Code of Civil Procedure (CCP) Section 873.940 – Appointment of Referee; Referee’s Report
Code of Civil Procedure section 873.940 dictates what happens after the agreement to partition by appraisal is filed with the court and approved. The parties must have agreed to a certain partition referee in the filed agreement, or asked for the court to appoint one. After this is done, the referee prepares a report and files it with the clerk.
Code of Civil Procedure section 873.940 states:
The court shall appoint one referee or, if provided in the agreement, three referees to appraise the property and the interests involved. The referee shall report the valuations and other findings to the court in writing filed with the clerk.What is an Example?
“Shawn” and “Julie” are siblings who inherit a farm from their grandfather. Eventually, the siblings feud over management of the farm and Shawn sues to partition the property by sale.
During the initial stages of the lawsuit, the parties conduct discovery, take each other’s depositions, and file several competing motions on the pleadings. After each has poured thousands and thousands of dollars into litigation, they realize that it would be best if they worked together for Shawn to simply buy out Julie’s interest in the farm.
They draft up a document relaying to the court that they are in agreement to partition the property through the appraisal process, where Shawn will buy out Julie at an agreed-upon appraisal price, and file it with the court clerk under CCP § 873.920.
After the agreement is filed, Shawn files a motion to approve the partition by appraisal agreement under CCP § 873.930. The court reviews the agreement, finds that it is ultimately fair and equitable, and gives its approval for the property to be partitioned via the appraisal process.
Once this is done, pursuant to CCP § 873.940, the court appoints a partition referee who prepares and files a report on the valuation of the property, while also identifying any outstanding liens.
Law Revision Commission Comments (CCP § 873.940)
Section 873.940 is new. It follows other partition procedures with respect to the referee’s report.Assembly Committee Comment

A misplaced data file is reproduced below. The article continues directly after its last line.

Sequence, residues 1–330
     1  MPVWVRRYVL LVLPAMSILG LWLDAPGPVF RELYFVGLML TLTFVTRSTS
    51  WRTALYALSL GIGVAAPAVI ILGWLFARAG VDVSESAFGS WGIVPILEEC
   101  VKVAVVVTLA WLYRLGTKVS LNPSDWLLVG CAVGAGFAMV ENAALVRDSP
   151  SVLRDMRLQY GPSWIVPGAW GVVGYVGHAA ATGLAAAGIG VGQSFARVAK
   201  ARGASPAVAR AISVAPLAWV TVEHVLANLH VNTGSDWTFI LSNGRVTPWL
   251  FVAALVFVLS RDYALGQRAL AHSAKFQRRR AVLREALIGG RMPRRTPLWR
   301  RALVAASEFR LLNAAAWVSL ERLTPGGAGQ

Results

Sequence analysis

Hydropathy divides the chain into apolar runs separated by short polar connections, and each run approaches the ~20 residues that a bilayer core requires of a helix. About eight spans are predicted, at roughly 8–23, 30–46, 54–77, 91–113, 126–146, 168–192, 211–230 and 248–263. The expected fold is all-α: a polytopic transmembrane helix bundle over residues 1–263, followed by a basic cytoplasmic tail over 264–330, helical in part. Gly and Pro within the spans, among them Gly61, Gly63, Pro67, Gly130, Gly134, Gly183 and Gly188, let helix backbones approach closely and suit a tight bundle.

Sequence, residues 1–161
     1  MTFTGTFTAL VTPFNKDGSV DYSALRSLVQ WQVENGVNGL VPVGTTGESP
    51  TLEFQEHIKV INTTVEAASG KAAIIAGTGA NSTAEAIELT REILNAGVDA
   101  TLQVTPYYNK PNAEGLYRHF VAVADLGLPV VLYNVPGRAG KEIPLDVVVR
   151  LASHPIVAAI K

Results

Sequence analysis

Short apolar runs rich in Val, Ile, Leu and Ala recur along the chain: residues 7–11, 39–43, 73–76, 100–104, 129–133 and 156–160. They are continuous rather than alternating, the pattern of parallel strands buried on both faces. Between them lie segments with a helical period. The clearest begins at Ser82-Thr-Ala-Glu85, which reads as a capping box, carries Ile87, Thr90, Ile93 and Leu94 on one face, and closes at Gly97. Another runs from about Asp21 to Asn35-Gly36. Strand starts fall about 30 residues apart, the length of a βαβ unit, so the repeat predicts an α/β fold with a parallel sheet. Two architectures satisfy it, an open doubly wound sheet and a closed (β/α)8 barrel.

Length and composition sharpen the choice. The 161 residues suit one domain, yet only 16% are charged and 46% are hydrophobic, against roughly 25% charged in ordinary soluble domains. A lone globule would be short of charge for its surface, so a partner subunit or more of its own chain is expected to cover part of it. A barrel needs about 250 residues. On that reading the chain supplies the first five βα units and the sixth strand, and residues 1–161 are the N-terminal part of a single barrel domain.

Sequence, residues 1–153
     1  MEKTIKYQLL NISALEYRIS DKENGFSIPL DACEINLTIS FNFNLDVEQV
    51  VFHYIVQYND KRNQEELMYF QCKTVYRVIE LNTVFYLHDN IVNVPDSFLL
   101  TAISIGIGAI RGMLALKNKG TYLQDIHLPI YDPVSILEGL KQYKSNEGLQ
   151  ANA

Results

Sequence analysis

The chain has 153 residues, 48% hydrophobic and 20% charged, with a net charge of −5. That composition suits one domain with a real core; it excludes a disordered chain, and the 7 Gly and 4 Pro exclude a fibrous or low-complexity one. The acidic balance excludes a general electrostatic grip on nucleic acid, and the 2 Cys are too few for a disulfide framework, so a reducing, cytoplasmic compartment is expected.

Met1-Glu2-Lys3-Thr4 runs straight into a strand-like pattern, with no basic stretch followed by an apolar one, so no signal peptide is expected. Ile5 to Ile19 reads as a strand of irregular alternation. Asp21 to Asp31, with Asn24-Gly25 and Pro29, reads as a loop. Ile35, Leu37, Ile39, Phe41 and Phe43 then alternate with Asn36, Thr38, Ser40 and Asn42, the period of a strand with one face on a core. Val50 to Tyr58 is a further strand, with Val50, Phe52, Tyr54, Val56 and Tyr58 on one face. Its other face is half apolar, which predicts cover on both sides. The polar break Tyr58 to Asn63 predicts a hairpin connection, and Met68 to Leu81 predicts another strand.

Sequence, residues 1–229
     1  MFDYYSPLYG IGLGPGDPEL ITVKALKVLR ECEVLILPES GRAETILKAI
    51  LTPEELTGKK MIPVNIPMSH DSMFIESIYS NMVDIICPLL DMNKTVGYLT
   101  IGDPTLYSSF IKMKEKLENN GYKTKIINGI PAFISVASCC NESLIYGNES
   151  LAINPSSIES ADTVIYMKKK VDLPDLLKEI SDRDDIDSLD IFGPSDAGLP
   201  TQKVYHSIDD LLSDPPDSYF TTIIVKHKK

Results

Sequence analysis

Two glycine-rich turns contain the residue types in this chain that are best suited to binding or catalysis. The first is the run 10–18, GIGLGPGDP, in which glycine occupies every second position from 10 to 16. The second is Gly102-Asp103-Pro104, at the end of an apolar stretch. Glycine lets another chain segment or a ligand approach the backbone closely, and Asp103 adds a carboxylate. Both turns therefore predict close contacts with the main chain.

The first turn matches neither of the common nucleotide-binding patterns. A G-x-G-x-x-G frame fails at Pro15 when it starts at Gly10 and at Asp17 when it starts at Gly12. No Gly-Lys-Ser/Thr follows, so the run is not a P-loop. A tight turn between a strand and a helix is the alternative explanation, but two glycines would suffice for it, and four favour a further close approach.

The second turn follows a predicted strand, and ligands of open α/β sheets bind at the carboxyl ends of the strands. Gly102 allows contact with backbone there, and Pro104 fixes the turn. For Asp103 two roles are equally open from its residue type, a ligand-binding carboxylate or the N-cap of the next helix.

Like with several of the partition statutes, section 873.940 does not include an “official” Assembly Committee Comment from the California Legislature. But this is not unusual. And that’s because the Legislature endorsed an overall adoption of the Law Revision Commission suggestions when it passed the new partition statutes in 1976.
In fact, the introduction to Assembly Bill 1671 (the bill that contained the new partition laws) states that the Revision Commission’s recommendations “reflect the intent of the Assembly Committee… in approving the various provisions of Assembly Bill 1671.” This demonstrates that the intent of the Legislature was essentially in line with that of the Revision Commission.
As to the comment and statute, they are fairly straightforward. In order for this statute to kick in, the prior stages of the partition by appraisal process must have first been completed. The parties would need to enter a valid agreement under section 873.920. The court would then need to approve that agreement under section 873.930.
Assume, however, that this has been done. At this stage, the statute provides that the court will either appoint a referee (usually a real estate broker) or use the one agreed upon by the parties. The referee will then prepare a report and file it with the court.
What goes into this report? The statute doesn’t say much outside of “reporting valuations.” But the Revision Commission Comment clarifies that section 873.940 follows other partition procedures with respect to the referee’s report.
Under section 873.710, referees for an ordinary partition by sale must prepare a report of sale when they have found a worthy buyer. In preparing the report of sale, the referee must include in the report:
“(1) A description of the property sold to each purchaser; (2) the name of the purchaser; (3) The sale price; (4) The terms and conditions of the sale and the security, if any, taken; (5) Any amounts payable to lienholders; (6) A statement as to contractual or other arrangements or conditions as to agents’ commissions; (7) Any determination and recommendation as to opening and closing public and private ways, roads, streets, and easements; (8) Other material facts relevant to the sale and the confirmation proceeding.”
Thus, it’s safe to assume that the referee’s report for the partition by appraisal process would include similar information.Contact Us
Here at Underwood Law Firm, our knowledgeable attorneys are here to help navigate the complex web of case law and statutes surrounding partitions. If you are thinking of filing a partition, are already in the midst of a partition suit, or just have any questions, please do not hesitate to reach out to our office.